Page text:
Advanced Computing in the Age of AI | Monday, July 22, 2024

IBM Cloud Guru Stresses Need For Speed 

Technology, rather than budget or efficiency considerations, is driving enterprise decision-making, the head of IBM's cloud operations told the attendees of the opening session of the Red Hat Summit.

Deepak Advani, IBM's general manager of cloud and smarter infrastructure, also made the case for a "dynamic cloud," a hybrid public-private environment that "adapts to the changing business needs" of customers.

Advani described the results of IBM's most recent C-level survey about the factors driving their businesses. Increasingly, senior executives surveyed stressed that "technology is driving a lot of change, it's creating opportunities to build a competitive advantage – maybe the only thing that can enable companies to build a competitive advantage," Advani told the conference.

IBM has narrowed its enterprise focus to big data and analytics, "engagement" and, of course, cloud computing.

The vast quantities of structured and unstructured data both inside and outside of enterprises, when connected, "can give you tremendous insights," the IBM evangelist said. "The next frontier is cognitive computing."

Customer engagement is also pushing companies to reduce response time to as little as five minutes. "We are living in an instant-gratification world" that creates opportunities along with challenges, Advani argued.

Advani spent the majority of his keynote describing the company's cloud strategy, which focuses on customer agility. Cloud customers have to "get something out there," and "they've got to move with speed." But many customers complain that their IT departments are not keeping pace with key business objectives.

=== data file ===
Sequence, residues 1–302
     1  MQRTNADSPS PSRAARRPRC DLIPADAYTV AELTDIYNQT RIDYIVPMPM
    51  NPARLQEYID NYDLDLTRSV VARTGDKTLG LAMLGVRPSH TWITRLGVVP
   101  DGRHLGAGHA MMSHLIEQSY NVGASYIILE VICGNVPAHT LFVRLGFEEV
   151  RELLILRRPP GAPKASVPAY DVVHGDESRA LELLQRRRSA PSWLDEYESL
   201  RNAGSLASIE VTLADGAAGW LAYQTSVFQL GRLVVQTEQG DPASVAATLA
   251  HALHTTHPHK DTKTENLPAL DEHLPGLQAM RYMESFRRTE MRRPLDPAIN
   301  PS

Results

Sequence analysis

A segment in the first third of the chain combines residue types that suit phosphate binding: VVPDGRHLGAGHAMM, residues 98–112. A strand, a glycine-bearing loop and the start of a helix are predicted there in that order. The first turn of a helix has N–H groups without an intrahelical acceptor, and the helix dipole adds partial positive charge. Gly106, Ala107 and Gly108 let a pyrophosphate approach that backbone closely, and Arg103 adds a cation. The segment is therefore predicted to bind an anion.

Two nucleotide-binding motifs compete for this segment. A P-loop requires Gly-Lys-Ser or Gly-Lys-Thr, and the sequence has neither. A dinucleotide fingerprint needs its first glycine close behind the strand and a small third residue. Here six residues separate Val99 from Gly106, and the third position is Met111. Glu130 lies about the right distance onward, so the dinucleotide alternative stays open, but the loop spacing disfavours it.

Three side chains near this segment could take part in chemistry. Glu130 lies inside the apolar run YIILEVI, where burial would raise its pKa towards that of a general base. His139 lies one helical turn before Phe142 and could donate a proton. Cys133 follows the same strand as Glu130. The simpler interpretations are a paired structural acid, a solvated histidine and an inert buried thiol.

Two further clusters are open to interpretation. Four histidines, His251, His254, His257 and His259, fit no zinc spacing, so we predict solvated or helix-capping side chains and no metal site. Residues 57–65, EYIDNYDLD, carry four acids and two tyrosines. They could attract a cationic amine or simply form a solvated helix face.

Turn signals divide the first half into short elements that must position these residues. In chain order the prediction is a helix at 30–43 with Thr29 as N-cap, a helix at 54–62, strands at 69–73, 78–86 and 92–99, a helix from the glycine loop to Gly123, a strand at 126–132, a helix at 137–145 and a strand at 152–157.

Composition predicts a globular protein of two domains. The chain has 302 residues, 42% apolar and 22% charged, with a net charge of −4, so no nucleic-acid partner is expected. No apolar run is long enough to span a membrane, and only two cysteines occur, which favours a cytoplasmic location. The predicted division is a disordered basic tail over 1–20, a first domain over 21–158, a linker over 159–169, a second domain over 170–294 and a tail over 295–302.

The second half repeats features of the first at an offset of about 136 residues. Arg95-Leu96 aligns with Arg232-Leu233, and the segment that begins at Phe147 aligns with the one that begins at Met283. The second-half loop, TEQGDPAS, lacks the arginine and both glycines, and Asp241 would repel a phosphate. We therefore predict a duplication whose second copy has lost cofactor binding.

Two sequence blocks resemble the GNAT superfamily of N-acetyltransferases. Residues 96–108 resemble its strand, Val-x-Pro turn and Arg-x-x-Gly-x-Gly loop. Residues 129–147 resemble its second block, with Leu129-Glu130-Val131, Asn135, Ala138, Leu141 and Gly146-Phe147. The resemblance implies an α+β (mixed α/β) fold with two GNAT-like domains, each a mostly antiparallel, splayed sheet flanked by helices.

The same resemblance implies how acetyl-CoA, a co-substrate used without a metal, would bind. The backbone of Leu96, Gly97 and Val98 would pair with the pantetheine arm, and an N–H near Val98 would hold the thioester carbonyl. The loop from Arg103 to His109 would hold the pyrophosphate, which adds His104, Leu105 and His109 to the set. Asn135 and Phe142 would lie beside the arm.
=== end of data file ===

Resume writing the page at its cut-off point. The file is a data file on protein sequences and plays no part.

Hence, IT departments must increasingly become technology brokers who can deliver a cloud infrastructure that fulfills the need for speed.

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Others would quibble with parts of IBM's assessment that technology alone is the key driver of business decisions. For example, VMware CEO Patrick Gelsinger argued during the recent Interop conference that IT budgets are being squeezed. Gelsinger asserted that the savings achieved through virtualization – VMware's bread and butter – is what ultimately pays for technology upgrades.

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Advani agreed that IT departments are being asked to do more with less. For example, system maintenance consumes 70 percent of IT budgets, IBM estimates. The company's pitch is that cloud computing is providing more options to IT managers under constant pressure to get the lead out.

In that respect, Advani echoed Gelsinger's assessment: Software-defined datacenters that include virtualized storage and networks along with computing are creating efficiencies that are "freeing up resources that are enabling you to invest in innovation," the IBM manager said.

The "dynamic cloud" underpins what IBM calls the "composable business," that is, an integrated enterprise in which developers can quickly turn new application programming interfaces, for example, into the basis for new products.

"Adaptive, responsive, hybrid cloud, we believe, is critical to a composable business," Advani argued. "In order for this to become real, open standards become absolutely fundamental. I would argue that without open standards some of the other things are just not possible."

Hence, IBM is promoting the OpenPower hardware ecosystem along with OpenStack cloud software while working with Red Hat to promote the cloud-computing project.

About the author: George Leopold

George Leopold has written about science and technology for more than 30 years, focusing on electronics and aerospace technology. He previously served as executive editor of Electronic Engineering Times. Leopold is the author of "Calculated Risk: The Supersonic Life and Times of Gus Grissom" (Purdue University Press, 2016).

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